Kahnawake Tobacco Reduction Strategy is encouraging people to butt out for National Non-Smoking Week. (Jessica Deer, The Eastern Door)
One in six Kahnawa’kehró:non are smokers, according newly released results of the First Nations Regional Health Survey.
It’s the first set of data analyzed and made public from the survey, which was conducted between 2015 and 2016 by Onkwata’karitáhtshera.
“I think there is a feeling that because of the tobacco industry in the community that more people smoke in Kahnawake than elsewhere,” said Alana Kane, health programs liaison at Onkwata’karitáhtshera
The number of current smokers in Kahnawake (15.4 percent) is slightly lower than the Montérégie (19 percent) and other First Nations communities in Quebec that have levels up to 55 percent.
“That’s always encouraging to know that the numbers are lower, but obviously we would love those numbers to be zero,” said Kane.
According to the survey, 11 percent of Kahnawa’kehró:non are currently daily smokers, while five percent are current occasional smokers, and 40 percent are former smokers.
Of current smokers, 11 percent are under the age of 17 years old, 8.6 percent are 18-24 years old, 18.9 percent are between 25 and 44 years old, and 18.7 percent are between 45 to 64 percent.
Kane said the lower numbers among youth and young adults is “good news,” but that the data shows young smokers transition quickly to daily smoking when they hit 18 years old.
“When they’re 15-17 years old, only 21 percent of those are daily smokers. Where as soon as they hit 18 to 24 years old, 93 percent of those turn into daily smokers,” said Kane.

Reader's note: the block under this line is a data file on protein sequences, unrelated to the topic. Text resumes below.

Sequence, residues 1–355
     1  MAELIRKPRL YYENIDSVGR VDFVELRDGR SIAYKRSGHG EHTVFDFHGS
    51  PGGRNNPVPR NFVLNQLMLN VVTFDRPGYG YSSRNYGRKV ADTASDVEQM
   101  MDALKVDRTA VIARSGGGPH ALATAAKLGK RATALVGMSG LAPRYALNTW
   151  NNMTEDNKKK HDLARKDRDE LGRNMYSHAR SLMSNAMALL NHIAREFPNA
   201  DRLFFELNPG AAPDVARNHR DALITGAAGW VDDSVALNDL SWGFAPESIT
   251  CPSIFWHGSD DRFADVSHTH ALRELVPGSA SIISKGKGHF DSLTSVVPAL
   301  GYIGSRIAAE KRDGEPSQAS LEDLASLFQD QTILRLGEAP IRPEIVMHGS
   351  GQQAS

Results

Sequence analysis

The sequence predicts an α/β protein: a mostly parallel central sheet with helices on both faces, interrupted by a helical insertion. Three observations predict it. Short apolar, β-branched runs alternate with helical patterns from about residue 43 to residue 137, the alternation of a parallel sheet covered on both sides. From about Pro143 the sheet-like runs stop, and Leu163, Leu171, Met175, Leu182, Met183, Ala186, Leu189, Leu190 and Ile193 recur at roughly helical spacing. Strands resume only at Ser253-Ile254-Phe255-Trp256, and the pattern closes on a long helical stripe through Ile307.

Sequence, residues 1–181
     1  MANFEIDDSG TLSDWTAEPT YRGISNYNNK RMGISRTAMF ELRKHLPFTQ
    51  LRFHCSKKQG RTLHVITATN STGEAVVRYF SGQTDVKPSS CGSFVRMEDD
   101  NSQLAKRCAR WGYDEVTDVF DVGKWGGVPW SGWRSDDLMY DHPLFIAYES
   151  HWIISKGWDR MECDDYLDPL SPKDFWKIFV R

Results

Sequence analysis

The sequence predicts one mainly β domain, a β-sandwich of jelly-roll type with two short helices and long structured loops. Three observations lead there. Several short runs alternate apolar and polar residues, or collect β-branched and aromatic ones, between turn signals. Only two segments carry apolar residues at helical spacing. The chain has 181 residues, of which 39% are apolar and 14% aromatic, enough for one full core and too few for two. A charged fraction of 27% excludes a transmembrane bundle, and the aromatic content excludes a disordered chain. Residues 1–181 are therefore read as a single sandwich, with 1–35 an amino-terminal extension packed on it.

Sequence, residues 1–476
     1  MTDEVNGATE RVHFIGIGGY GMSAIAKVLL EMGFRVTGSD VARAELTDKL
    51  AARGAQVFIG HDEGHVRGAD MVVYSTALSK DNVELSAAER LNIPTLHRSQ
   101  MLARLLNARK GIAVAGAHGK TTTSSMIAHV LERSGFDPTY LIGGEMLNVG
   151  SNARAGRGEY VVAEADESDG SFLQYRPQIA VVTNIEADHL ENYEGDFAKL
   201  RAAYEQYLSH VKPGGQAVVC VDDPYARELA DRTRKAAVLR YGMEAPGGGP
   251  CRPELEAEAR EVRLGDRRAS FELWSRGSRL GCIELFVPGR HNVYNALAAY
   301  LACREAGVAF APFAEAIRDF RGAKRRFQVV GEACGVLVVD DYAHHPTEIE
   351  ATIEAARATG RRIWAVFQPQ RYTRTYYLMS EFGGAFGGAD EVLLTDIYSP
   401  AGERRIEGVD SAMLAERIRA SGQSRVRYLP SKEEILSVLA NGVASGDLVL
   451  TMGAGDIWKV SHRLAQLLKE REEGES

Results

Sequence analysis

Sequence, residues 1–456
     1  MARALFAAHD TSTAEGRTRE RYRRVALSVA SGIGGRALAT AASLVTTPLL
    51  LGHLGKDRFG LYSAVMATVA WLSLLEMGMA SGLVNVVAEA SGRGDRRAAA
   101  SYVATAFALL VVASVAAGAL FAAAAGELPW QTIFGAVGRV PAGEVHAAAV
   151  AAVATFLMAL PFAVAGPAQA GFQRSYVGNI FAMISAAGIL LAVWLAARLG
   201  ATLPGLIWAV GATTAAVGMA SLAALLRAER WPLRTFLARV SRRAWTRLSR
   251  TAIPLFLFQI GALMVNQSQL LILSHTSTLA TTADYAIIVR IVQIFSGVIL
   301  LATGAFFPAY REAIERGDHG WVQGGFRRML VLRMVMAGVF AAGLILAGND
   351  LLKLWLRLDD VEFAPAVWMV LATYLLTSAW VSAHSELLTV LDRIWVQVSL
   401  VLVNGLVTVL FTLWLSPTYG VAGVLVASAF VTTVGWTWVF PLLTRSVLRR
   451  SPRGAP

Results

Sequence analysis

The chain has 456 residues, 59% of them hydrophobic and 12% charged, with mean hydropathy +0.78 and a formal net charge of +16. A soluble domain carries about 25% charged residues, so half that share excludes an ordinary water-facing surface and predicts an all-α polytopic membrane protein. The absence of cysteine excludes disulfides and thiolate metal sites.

“That’s where we would try to target that group so that they don’t become daily smokers because we know that when they become daily smokers, it’s then really difficult to quit.”
The statistics are something that the Kahnawake Tobacco Reduction Strategy hopes to raise awareness of, and lower in the future, in light of next week’s National Non-Smoking Week.
“We can’t forget that smoking is the number one changeable determinant of health. Whether it’s heart disease, whether it’s lung cancer, whether it’s diabetes – every disease process can be affected by smoking,” said Kateri Delisle, a prevention worker for the Kahnawake Tobacco Reduction Strategy.
“If you ask someone what are the top three things you can do to improve your health by a lifestyle change, it would be quit smoking, quit smoking, quit smoking. It’s that important.”
Today (Monday), the committee will be hosting an information booth at the Services Complex, and at the Kateri Memorial Hospital Centre on Wednesday, encouraging people to take a pledge to quit. They’ll also be on K103 Radio’s noon-hour talk show tomorrow to talk about the awareness week.
“The first thing that they have to do is establish that they really do want to quit and figure out what their motivators are to quit,” said Leslie Walker-Rice, one of the handful of community health nurses at the KMHC that provides support for smokers wanting to quit and information about cessation support tools.
“It really has to come from deep within themselves, then to support that effort: What are the things that make them want to smoke and what are alternatives to do that? Even reducing your consumption by one cigarette sometimes is a big deal.”
It’s something former smoker Lacey-Jo Canadian was all too familiar with. She quit cold turkey four years ago from smoking a pack a day.
“I have tried quitting prior, and if you’re not ready, it won’t work. I think you need to be ready in order to quit because you need to want to let it go. If not, it’ll always be in the back of your mind,” she said.
“I think mine went hand-in-hand with my anxiety. It was a quick fix for that moment. It was also the addiction. I was very addicted to smoking cigarettes and, if I drank, I smoked extra.”